"... This paper studies the problem of computing the most frequent element (the mode) by means of a distributed algorithm where the elements are located at the nodes of a network. Let k denote the number of distinct elements and further let mi be the number of occurrences of the element ei in the ordered ..."
Abstract

Cited by 5 (1 self)
 Add to MetaCart
(Show Context)
This paper studies the problem of computing the most frequent element (the mode) by means of a distributed algorithm where the elements are located at the nodes of a network. Let k denote the number of distinct elements and further let mi be the number of occurrences of the element ei in the ordered list of occurrences m1> m2> =...> = mk. We give a deterministic distributed algorithm with time complexity O(D+k) where D denotes the diameter of the graph, which is essentially tight. As our main contribution, a Monte Carlo algorithm is presented which computes the mode in O(D + F2/m21 * log k) time with high probability, where the frequency moment F ` is deo/ned as F ` = Pki=1 m`i. This algorithm is substantially faster than the deterministic algorithm for various relevant frequency distributions. Moreover, we provide a lower bound of \Omega (D + F5/(m51B)), where B is the maximum message size, that captures the effect of the frequency distribution on the time complexity to compute the mode.
Data Reduction Through Early Grouping
 In Proceedings of the 1994 IBM CAS Conference
, 1994
"... SQL queries containing GROUPBY and aggregation occur frequently in decision support applications. Grouping with aggregation is typically done by first sorting the input and then performing the aggregation as part of the output phase of the sort. The most widely used external sorting algorithm is mer ..."
Abstract

Cited by 5 (0 self)
 Add to MetaCart
(Show Context)
SQL queries containing GROUPBY and aggregation occur frequently in decision support applications. Grouping with aggregation is typically done by first sorting the input and then performing the aggregation as part of the output phase of the sort. The most widely used external sorting algorithm is merge sort, consisting of a run formation phase followed by a (single) merge pass. The amount of data output from the run formation phase can be reduced by a technique that we call early grouping. The idea is straightforward: simply form groups and perform aggregation during run formation. Each run will now consist of partial groups instead of individual records. These partial groups are then combined during the merge phase. Early grouping always reduces the number of records output from the run formation phase. The relative output size depends on the amount of memory relative to the total number of groups and the distribution of records over groups. When the input data is uniformly distributed...
Distributionsensitive set multipartitioning
 1st International Conference on the Analysis of Algorithms
, 2005
"... Given a set S with realvalued members, associated with each member one of two possible types; a multipartitioning of S is a sequence of the members of S such that if x, y ∈ S have different types and x < y, x precedes y in the multipartitioning of S. We give two distributionsensitive algorith ..."
Abstract

Cited by 3 (2 self)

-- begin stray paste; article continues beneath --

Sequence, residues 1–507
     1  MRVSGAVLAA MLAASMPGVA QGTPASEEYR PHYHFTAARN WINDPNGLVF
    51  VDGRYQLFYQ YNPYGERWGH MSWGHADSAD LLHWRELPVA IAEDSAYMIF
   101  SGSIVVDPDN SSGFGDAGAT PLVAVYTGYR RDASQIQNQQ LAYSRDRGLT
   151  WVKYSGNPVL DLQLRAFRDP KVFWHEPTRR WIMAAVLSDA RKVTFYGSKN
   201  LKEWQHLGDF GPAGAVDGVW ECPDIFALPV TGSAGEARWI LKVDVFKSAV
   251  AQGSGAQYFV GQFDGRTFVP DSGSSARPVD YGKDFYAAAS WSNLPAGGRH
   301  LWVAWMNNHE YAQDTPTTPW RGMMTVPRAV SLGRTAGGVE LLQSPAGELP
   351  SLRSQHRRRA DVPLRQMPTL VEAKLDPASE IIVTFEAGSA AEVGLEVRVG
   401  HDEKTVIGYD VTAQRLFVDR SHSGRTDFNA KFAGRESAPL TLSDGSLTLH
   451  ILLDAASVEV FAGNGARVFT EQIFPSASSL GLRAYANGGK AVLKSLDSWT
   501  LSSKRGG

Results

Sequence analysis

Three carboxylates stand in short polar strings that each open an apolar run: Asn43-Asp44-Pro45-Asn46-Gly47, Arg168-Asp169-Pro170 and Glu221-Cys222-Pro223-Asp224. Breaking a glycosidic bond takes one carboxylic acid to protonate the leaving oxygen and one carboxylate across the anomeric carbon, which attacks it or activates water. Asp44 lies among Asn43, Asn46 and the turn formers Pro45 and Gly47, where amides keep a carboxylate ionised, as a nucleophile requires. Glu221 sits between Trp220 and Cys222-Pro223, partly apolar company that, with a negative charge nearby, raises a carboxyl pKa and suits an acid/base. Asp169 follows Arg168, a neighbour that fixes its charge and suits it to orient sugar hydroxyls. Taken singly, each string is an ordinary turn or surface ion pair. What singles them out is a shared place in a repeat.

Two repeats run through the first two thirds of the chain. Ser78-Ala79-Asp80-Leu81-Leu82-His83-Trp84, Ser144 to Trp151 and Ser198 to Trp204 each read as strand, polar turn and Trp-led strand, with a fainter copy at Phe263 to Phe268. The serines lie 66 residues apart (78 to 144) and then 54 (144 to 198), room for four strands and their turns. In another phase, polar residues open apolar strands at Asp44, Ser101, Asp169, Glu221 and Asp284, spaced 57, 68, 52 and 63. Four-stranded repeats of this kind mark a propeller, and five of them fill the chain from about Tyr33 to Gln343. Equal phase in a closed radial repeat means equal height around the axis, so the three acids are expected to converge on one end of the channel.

Add to MetaCart
(Show Context)
Given a set S with realvalued members, associated with each member one of two possible types; a multipartitioning of S is a sequence of the members of S such that if x, y ∈ S have different types and x < y, x precedes y in the multipartitioning of S. We give two distributionsensitive algorithms for the set multipartitioning problem and a matching lower bound in the algebraic decisiontree model. One of the two algorithms can be made stable and can be implemented in place. We also give an outputsensitive algorithm for the problem.
DistributionSensitive Construction of MinimumRedundancy Prefix Codes
, 2005
"... Abstract. A new method for constructing minimumredundancy prefix codes is described. This method does not build a Huffman tree; instead it uses a property of optimal codes to find the codeword length of each weight. The running time of the algorithm is shown to be O(nk), where n is the number of we ..."
Abstract

Cited by 3 (1 self)
 Add to MetaCart
(Show Context)
Abstract. A new method for constructing minimumredundancy prefix codes is described. This method does not build a Huffman tree; instead it uses a property of optimal codes to find the codeword length of each weight. The running time of the algorithm is shown to be O(nk), where n is the number of weights and k is the number of different codeword lengths. When the given sequence of weights is already sorted, it is shown that the codes can be constructed using O(log 2k−1 n) comparisons, which is sublinear if the value of k is small.
From Time to Space: Fast Algorithms that yield Small and Fast Data Structures
"... Abstract. In many cases, the relation between encoding space and execution time translates into combinatorial lower bounds on the computational complexity of algorithms in the comparison or external memory models. We describe a few cases which illustrate this relation in a distinct direction, where ..."
Abstract

Cited by 2 (2 self)
 Add to MetaCart
(Show Context)
Abstract. In many cases, the relation between encoding space and execution time translates into combinatorial lower bounds on the computational complexity of algorithms in the comparison or external memory models. We describe a few cases which illustrate this relation in a distinct direction, where fast algorithms inspire compressed encodings or data structures. In particular, we describe the relation between searching in an ordered array and encoding integers; merging sets and encoding a sequence of symbols; and sorting and compressing permutations.